Racing back into fitness

It’s been four weeks since I ran the Ottawa marathon. I had planned to take 10-14 days off following that race but I was eager to get back to training and hopefully a better race this fall. I ended up taking three days off before getting out for two really easy jogs in that first week back. My legs were a little achy but otherwise I felt good.

In the second week, I got in 100 km of easy running at roughly an hour per day. I had been taking care to run especially easy to be sure I was recovered before I got in any harder efforts. By the weekend, I was feeling ready and I ran a 25 km hilly progression run down to 3:20/km and that put some sting in the legs; a sign of a good run.

One last shakeout on the trail before heading to Toronto for the @runcrs #Waterfront10

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For the third week back, I ran a 6×4’/90″ workout averaging 3:08/km which was pretty good but not my best. That weekend, I ran a local raceā€”the 30th annual Huron House Boys’ Home 10K. I have run this race the last couple years and love it as it is perfectly flat and covers roads that I train on every day so it feels a little like my ‘home course’. I wasn’t sure what to expect three weeks after a marathon but I figured I’d use this as a test before the Waterfront 10K in Toronto the following weekend. I went out hard and basically faded my way to the finish line, with my first km in 3:04 and my slowest in 3:20. I finished in 32:16, which was 17 seconds faster than my time last year at the same race so I took that as a positive. It was good to see the legs coming back into form so quickly after Ottawa.

Envisioning the pancake tent

In the fourth week back, I got in a midweek 8x1000m/400m workout on the track, running arguably my best set of Ks, averaging 3:03/km. Everything felt controlled and smooth. This workout was a good confidence booster heading into a race on the weekend.

I drove to Toronto for Canada Running Series’ inaugural Waterfront 10K. This race replaced the Yonge St 10K where I ran 31.00 last spring. The old course was net downhill, dropping 8.5 m/km, but thankfully, the new course is much fairer, dropping only 1.3 m/km. I think that means it’s still not a record legal course (limit is 1.0 m/km), but there was a pretty good hill at about 7 km that makes me feel okay about calling this a fair course.

CRS put together an awesome field of athletes, including Rio-bound marathoners Reid Coolsaet, Eric Gillis, and Krista DuChene. I figured Reid and Eric would be out front, there would be a second pack of Thomas Toth and Sami Jibril, and a possible third pack of Josh Bolton, Colin Fewer, and Jeff Costen. I imagined I’d be somewhere in the fourth pack hoping to stay close to Josh, Colin, and Jeff.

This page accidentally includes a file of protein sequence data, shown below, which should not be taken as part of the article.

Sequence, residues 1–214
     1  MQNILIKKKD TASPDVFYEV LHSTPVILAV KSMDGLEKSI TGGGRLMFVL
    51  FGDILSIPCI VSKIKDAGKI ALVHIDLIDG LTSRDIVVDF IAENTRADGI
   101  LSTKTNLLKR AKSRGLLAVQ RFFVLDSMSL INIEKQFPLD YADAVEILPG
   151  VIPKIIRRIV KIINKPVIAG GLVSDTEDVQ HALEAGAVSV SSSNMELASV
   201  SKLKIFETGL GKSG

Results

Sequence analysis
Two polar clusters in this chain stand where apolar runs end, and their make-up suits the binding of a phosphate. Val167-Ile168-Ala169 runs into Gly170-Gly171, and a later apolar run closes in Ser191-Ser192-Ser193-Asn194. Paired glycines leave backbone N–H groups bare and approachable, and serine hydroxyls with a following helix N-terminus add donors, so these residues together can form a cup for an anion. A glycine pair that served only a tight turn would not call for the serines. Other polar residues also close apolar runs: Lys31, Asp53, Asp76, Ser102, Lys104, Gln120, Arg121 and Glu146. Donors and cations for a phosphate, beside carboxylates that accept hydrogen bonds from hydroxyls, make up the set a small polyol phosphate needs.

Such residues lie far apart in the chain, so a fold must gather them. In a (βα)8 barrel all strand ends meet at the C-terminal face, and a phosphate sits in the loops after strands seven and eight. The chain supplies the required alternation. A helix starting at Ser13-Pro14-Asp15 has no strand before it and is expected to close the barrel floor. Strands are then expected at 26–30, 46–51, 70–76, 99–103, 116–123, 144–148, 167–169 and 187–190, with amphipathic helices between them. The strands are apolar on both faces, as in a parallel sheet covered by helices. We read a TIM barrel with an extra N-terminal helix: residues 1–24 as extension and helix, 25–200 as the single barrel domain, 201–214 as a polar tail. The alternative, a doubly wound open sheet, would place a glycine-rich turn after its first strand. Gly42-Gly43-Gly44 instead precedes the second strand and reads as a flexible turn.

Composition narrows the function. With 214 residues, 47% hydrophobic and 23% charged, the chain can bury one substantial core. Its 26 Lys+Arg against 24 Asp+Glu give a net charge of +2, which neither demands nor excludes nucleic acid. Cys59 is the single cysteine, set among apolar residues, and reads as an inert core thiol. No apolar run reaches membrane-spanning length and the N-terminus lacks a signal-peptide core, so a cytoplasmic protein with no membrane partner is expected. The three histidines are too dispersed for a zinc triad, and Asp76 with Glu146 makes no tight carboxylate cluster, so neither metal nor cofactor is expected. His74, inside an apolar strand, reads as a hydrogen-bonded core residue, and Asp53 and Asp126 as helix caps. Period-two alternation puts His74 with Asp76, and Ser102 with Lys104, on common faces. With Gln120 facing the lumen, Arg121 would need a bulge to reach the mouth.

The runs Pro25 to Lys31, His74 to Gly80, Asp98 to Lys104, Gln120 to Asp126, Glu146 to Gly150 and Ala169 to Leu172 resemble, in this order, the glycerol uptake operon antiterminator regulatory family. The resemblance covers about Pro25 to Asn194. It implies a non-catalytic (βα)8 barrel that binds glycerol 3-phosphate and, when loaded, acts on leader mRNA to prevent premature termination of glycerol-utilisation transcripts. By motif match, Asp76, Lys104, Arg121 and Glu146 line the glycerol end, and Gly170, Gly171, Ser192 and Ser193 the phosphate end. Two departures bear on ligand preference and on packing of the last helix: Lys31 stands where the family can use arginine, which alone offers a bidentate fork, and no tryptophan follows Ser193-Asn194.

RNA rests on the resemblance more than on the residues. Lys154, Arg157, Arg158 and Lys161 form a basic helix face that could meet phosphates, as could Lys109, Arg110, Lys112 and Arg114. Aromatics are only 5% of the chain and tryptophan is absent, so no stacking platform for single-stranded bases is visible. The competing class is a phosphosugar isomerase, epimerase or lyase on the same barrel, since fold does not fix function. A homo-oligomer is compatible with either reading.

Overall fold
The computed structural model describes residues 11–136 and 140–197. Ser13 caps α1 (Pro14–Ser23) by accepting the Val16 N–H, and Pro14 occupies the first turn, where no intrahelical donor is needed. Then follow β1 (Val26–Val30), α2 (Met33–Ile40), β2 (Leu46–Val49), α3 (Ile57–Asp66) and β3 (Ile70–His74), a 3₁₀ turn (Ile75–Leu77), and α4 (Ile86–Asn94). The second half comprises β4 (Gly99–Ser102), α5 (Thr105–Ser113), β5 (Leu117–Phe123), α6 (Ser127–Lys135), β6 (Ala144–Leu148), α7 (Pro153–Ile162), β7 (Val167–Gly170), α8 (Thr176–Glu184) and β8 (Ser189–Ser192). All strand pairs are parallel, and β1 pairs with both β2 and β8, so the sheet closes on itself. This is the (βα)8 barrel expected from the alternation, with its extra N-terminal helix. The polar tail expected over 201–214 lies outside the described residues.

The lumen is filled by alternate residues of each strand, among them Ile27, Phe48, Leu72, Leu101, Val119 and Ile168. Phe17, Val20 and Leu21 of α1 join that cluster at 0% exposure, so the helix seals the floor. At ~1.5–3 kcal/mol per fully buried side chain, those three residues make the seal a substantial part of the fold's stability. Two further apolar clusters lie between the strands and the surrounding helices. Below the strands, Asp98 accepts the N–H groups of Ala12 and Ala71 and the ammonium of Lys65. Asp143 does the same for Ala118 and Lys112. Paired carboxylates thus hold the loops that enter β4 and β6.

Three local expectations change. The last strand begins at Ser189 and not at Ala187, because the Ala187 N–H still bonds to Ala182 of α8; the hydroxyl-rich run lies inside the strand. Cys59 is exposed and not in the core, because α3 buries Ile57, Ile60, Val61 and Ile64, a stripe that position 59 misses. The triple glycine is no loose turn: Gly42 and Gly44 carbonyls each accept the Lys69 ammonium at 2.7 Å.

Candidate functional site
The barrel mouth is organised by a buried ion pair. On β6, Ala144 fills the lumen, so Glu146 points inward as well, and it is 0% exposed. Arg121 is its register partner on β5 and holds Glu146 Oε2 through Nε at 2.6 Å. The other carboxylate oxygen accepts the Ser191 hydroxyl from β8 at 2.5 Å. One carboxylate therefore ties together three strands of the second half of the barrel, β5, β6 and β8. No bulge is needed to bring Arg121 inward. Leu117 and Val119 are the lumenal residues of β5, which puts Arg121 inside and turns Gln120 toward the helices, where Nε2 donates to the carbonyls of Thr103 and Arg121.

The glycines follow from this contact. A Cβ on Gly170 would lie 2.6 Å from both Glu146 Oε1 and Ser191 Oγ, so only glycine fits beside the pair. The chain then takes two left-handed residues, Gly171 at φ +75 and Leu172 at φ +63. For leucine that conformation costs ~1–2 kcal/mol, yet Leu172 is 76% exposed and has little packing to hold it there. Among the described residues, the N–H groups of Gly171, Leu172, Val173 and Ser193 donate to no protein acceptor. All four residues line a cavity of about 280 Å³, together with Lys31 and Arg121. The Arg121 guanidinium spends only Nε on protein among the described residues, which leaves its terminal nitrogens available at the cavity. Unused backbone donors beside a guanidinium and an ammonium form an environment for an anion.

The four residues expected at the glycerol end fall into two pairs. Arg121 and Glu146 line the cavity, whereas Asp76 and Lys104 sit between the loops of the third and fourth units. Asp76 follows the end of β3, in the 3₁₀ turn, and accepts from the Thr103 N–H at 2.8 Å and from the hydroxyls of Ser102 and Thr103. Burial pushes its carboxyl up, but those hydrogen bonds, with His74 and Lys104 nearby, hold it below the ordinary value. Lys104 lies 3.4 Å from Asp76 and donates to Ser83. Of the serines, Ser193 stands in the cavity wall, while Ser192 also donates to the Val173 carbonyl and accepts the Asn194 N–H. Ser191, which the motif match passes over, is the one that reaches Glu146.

The lead pack
Heading toward Lakeshore Blvd

After the gun went, there were probably twenty people ahead of me and I tried to settle into a good pace. We came through the first km in 3:03 which was too quick but shortly after I settled into ~3:08/km pace. I found myself in a group with Josh, Colin, and Matt Loiselle with Seth Marcaccio about 10m ahead. This pack stuck together through roughly 7 km.

Doing my best to hang on to Josh’s shoulder

There were plenty of people out cheering along Lakeshore Blvd so that helped me keep pushing. At the turnaround point by 7 km, I started to make my move as we climbed a long, steady hill/overpass. I managed to pull away from the pack I had been running with although I’m not sure by how much. I was counting down the minutes and telling myself to keep pressing the pace and not to let anyone catch me. With about a km to go, I reeled in Behanu Degefa and then I could see the finish line and my watch read 30:45 so I dug deep and finished hard. I crossed the line in 31:21 which is a 30-second personal best from the 10K I ran in December. I ended up 9th overall behind fellow Canadians: Eric, Reid, Tristan Woodfine, Thomas, and Sami.

I’m happy with my effort and how I executed the race (being aware of tangents when others ahead of me weren’t, sticking with a group and not letting them pull away, making a break when I felt strong and confident that I could keep the hammer down to the finish line). It makes me hopeful that if I can run a 10K PB with only 2-3 workouts in my legs after a marathon, I should be able to get a better marathon out of myself in the fall. Perhaps I didn’t push myself hard enough in Ottawa although it certainly didn’t feel that way at the 40 km marker! In any case, it’s great to see progress.

After the race I had the opportunity to chat with a number of runners I’ve met through Strava (basically Facebook for runners/cyclists). It’s cool to put faces to names and chat a bit about non-running stuff, too. The Canadian road running scene is made up of great people. Shout out to the GRE crew (Rob, Josh, Tyler), Jeff, and Steve and Colin for letting me tag along for a cooldown.

That’s it for now. Thanks for checking in!

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